Michelle Malkin

Aundre Singh, a native of Guyana, who was convicted of second-degree murder in 1986. In 1997, the then-INS moved to deport him. In 1998, an immigration judge ordered him deported. In 1999, the Board of Immigration Appeals dismissed Singh's appeal. In 2003, Singh filed a motion to reconsider, which the appeals board denied. Singh filed for reconsideration of that ruling, which was denied in 2004. Singh tried again to appeal the board's ruling in 2005 and was denied again before heading to the Second Circuit for relief.

Errol Foster, a Jamaican national, who killed a man with a pistol in 1990. He pleaded guilty to first-degree manslaughter. He was released from prison in 2002. The feds began deportation proceedings while he was still in custody. An immigration judge ordered his removal in 2000, which Foster appealed. The Board of Immigration Appeals rejected his appeal in 2001. Four years later, Foster was still in the country -- appealing the rejected appeal and filing three separate federal lawsuits before getting lucky with the Second Circuit.

And Ho Yoon Chong, a South Korean national, who was sentenced in 1995 for racketeering related to his participation in the "Korean Fuk Ching" crime ring. In 1998, the then-INS moved to deport him. In 2002, an immigration judge ordered him deported. In 2004, the Board of Immigration Appeals sided with the judge. Like his fellow criminal aliens, Chong didn't give up, and now he's won the immigration litigation lottery.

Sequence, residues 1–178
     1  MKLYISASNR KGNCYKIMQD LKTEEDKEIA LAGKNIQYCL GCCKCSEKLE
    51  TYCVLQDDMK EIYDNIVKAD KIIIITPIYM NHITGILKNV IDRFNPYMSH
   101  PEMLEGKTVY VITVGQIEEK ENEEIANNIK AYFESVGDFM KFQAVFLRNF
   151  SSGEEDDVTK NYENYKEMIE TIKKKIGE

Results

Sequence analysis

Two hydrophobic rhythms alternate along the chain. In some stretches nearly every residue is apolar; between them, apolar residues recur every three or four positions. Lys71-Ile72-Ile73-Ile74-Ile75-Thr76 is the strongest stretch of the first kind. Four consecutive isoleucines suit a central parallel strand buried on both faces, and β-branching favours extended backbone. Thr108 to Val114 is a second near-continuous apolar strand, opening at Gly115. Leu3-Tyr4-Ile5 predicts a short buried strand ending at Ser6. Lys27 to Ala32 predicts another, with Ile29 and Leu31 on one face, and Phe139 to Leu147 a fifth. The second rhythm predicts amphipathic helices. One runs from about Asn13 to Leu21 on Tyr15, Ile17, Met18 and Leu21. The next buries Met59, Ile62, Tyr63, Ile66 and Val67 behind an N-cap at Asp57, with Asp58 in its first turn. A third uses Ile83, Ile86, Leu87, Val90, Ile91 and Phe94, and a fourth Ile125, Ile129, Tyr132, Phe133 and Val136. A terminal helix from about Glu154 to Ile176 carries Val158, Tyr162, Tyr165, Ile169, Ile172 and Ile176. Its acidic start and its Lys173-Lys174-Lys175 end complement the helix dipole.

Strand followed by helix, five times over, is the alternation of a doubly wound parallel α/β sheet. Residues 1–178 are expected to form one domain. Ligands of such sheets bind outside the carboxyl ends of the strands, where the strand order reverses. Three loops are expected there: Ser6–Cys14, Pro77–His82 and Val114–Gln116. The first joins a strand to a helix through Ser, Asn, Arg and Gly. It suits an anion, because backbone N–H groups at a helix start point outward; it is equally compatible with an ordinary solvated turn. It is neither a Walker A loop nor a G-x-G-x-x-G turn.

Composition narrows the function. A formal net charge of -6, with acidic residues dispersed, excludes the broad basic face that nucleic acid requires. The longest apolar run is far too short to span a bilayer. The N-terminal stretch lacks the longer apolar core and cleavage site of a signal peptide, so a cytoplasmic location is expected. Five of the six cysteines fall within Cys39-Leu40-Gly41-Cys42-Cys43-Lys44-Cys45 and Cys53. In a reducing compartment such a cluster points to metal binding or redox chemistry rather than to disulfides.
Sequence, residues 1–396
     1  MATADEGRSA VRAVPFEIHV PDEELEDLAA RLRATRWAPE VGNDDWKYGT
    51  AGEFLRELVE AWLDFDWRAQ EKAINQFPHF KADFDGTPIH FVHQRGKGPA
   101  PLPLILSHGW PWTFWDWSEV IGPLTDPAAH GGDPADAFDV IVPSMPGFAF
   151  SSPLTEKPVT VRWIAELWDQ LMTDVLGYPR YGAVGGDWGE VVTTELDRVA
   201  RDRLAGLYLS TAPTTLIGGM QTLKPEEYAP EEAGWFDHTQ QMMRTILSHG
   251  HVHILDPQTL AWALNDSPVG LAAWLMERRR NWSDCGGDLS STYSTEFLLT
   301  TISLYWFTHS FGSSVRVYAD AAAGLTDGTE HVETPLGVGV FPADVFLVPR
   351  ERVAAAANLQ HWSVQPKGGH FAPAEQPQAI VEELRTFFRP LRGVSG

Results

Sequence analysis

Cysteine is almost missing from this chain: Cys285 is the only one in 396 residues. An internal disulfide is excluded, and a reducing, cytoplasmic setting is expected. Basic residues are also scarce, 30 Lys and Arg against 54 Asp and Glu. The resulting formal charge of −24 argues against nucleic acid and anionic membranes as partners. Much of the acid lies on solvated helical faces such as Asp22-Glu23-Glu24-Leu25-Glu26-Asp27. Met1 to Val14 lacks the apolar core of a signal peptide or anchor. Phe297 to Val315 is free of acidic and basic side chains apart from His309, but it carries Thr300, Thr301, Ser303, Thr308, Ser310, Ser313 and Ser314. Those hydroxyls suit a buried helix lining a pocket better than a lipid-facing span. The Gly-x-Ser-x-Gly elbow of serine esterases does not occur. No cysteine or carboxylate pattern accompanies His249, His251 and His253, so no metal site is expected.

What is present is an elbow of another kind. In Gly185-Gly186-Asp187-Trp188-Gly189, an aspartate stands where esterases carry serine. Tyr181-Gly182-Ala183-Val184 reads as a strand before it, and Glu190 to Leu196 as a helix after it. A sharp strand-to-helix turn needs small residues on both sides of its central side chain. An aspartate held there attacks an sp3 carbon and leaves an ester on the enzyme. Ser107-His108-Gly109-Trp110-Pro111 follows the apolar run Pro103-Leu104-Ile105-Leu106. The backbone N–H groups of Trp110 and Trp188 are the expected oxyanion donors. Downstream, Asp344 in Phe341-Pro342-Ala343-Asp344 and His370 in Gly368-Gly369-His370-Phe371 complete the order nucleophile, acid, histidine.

Immigration lawyers representing criminal aliens like these four menaces have gummed up the court system with 11 years of litigation over the 1996 laws banning deportation relief for felons. Meanwhile, when all else fails, deportable aliens can appeal directly to their member of Congress to circumvent immigration laws through special legislation. More than 50 bills have been introduced this year that would grant special, private relief to individual immigrants fighting deportation. Past and present beneficiaries have included smugglers, illegal aliens and a convicted murderer, Mohuiddin A.K.M. Ahmed, who is wanted in Bangladesh for engaging in terrorist activity and participating in a 1975 assassination plot that left the prime minister and dozens of his family members dead.

These individual bills are ripe for corruption. Indeed, the Abscam scandal in the 1970s involved payoffs for the sponsorship of exactly these kind of private immigration laws. Democrats and Republicans alike continue to sponsor these "private relief" bills seeking to sabotage deportation efforts. Every time a private relief bill passes, the number of available visas for that year is reduced by the number of illegal alien/deportable immigrant recipients granted legal status/deportation relief through the special legislation. The bills needn't pass for the recipients to gain benefits. Mere introduction of the bills buys the deportable aliens time that ordinary, law-abiding citizens can't buy in our court system.

Open-borders Democrats led by Ted Kennedy bleat about the lack of "due process" for downtrodden aliens, but immigration lawyers and their clients know the deal. Whether the Bush-Kennedy bill passes or not, it ain't over 'til the alien wins.

This is the real "silent amnesty" that no one in Washington will talk about. Go ahead. Ask them.


Michelle Malkin

Michelle Malkin is the author of "Culture of Corruption: Obama and his Team of Tax Cheats, Crooks & Cronies" (Regnery 2010).

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